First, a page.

January 25, 2021, 02:17:38 AM
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Topic: Column chromatography  (Read 1312 times)

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Offline wildfyr

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Re: Column chromatography
« Reply #15 on: December 31, 2020, 03:18:37 PM »
I said a couple hundred mL, but this is very dependant on the diameter of your column. I often did cokumns that had 1-2 liters total volume. Let's call it filling about 10-20 cm above the level of the silica gel.

Offline Jason09

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Re: Column chromatography
« Reply #16 on: December 31, 2020, 06:52:32 PM »
Never knew columns can be that big unless made for industrial use. 

But what do you think would be the right size of Silica mesh to be used in this type of separation?


Thanks,

Offline wildfyr

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Offline wildfyr

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Re: Column chromatography
« Reply #18 on: December 31, 2020, 11:56:03 PM »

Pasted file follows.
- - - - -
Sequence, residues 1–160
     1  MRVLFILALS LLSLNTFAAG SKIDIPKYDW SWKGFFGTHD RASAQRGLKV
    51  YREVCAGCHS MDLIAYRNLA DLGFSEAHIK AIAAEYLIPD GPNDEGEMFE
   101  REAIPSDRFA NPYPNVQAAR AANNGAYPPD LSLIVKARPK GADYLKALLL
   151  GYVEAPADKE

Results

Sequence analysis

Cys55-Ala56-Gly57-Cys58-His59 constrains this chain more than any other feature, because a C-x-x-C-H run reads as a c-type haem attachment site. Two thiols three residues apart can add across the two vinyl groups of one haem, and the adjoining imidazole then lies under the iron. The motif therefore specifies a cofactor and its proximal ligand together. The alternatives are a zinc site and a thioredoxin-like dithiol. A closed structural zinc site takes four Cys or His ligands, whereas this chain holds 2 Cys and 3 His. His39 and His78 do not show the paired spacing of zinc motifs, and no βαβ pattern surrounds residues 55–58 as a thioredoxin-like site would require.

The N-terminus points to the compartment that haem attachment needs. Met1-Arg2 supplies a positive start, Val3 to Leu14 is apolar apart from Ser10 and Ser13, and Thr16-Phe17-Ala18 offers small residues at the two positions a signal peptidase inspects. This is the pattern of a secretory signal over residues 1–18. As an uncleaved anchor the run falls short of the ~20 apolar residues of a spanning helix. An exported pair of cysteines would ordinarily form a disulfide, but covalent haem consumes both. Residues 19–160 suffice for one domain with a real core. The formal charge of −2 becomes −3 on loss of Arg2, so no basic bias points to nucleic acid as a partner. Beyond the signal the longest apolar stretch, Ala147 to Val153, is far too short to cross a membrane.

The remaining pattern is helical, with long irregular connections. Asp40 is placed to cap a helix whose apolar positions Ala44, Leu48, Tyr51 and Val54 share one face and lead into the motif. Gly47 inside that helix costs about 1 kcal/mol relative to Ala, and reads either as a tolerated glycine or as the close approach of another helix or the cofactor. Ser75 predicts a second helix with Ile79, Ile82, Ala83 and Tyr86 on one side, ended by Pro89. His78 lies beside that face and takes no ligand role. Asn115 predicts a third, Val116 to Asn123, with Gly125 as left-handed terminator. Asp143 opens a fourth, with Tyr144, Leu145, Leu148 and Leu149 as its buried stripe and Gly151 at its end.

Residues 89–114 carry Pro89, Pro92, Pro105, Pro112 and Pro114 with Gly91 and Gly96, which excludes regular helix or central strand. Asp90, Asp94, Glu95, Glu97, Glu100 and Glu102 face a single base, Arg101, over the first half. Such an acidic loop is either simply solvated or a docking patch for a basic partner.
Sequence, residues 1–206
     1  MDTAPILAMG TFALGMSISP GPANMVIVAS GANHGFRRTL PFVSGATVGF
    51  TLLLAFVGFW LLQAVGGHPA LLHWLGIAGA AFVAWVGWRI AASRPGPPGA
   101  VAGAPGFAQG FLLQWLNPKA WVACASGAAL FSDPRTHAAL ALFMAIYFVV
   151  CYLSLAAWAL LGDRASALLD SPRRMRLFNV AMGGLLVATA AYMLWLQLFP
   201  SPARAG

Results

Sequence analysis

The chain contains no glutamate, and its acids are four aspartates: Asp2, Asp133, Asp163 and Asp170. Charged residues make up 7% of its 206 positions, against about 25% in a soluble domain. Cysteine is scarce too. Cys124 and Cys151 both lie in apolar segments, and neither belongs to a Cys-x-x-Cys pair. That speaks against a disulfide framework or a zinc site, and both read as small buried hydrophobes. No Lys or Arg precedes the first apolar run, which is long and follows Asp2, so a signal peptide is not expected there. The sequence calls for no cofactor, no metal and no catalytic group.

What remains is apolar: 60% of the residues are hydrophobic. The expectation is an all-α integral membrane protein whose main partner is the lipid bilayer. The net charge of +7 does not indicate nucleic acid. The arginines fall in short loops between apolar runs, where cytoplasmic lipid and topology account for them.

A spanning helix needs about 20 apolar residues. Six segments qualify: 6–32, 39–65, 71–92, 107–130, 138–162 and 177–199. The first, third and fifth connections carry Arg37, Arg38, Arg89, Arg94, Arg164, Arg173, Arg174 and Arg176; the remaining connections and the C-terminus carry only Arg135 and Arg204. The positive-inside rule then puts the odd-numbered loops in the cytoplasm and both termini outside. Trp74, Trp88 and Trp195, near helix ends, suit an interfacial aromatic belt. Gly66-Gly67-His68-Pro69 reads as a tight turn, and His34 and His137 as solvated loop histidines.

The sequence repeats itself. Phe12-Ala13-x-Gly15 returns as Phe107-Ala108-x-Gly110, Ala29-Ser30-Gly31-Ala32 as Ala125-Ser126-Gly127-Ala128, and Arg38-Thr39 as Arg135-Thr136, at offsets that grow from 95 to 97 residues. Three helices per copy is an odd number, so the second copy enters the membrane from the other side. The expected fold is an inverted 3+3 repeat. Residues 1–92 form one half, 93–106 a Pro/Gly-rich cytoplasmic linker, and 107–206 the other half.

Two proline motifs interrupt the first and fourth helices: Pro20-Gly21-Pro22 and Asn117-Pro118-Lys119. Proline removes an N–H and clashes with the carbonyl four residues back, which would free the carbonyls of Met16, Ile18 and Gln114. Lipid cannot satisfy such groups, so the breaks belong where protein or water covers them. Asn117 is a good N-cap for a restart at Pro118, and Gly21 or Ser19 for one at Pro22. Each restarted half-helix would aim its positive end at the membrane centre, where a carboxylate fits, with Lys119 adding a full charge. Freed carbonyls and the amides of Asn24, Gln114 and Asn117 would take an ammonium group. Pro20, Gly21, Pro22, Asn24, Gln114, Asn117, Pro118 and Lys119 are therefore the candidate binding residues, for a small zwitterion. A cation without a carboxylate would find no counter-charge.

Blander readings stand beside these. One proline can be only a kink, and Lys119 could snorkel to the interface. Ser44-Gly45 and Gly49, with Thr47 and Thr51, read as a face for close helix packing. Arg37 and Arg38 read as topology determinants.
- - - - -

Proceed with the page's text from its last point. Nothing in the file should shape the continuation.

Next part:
By the way, I assume you are using some air pressure and doing a flash column?

Honestly... There isn't anyone around to show you how to do this? Any grad student in an organic chemistry lab does many columns per week and you could watch them run a few. Learning online via text is a garbage way to. There are YouTube videos if all else fails.

Offline AWK

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Re: Column chromatography
« Reply #19 on: January 01, 2021, 08:02:33 AM »
Let's start from the beginning. You present a very broad problem that you do not understand. No unmodified sugar can be chomatographed in the chromatography system you are discussing. Unmodified sugars in HPLC can can't even be chromatographed in pure water.
If you use the appropriate HPLC equipment, you only program it appropriately (also the concentration gradient), the computer does the rest for you.
For you, the most important thing is to understand the basics of chromatography, be able to choose the solid phase of the column packing and be able to choose the developing system. So you have to read a few chapters of the manual on the basics of chromatography, the instruction manual of the apparatus, a few publications on the separation of sugars by HPLC, and then have a long conversation with your mentor. He will show you what else you should read to be well prepared to perform the analysis (or analyzes).
By asking imprecise questions on the Forum, you waste your time and the time of people trying to figure out how to help you.

fixed typo
« Last Edit: January 02, 2021, 04:51:46 PM by wildfyr »
AWK

Offline Jason09

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Re: Column chromatography
« Reply #20 on: January 02, 2021, 03:20:24 PM »
By the way, I assume you are using some air pressure and doing a flash column?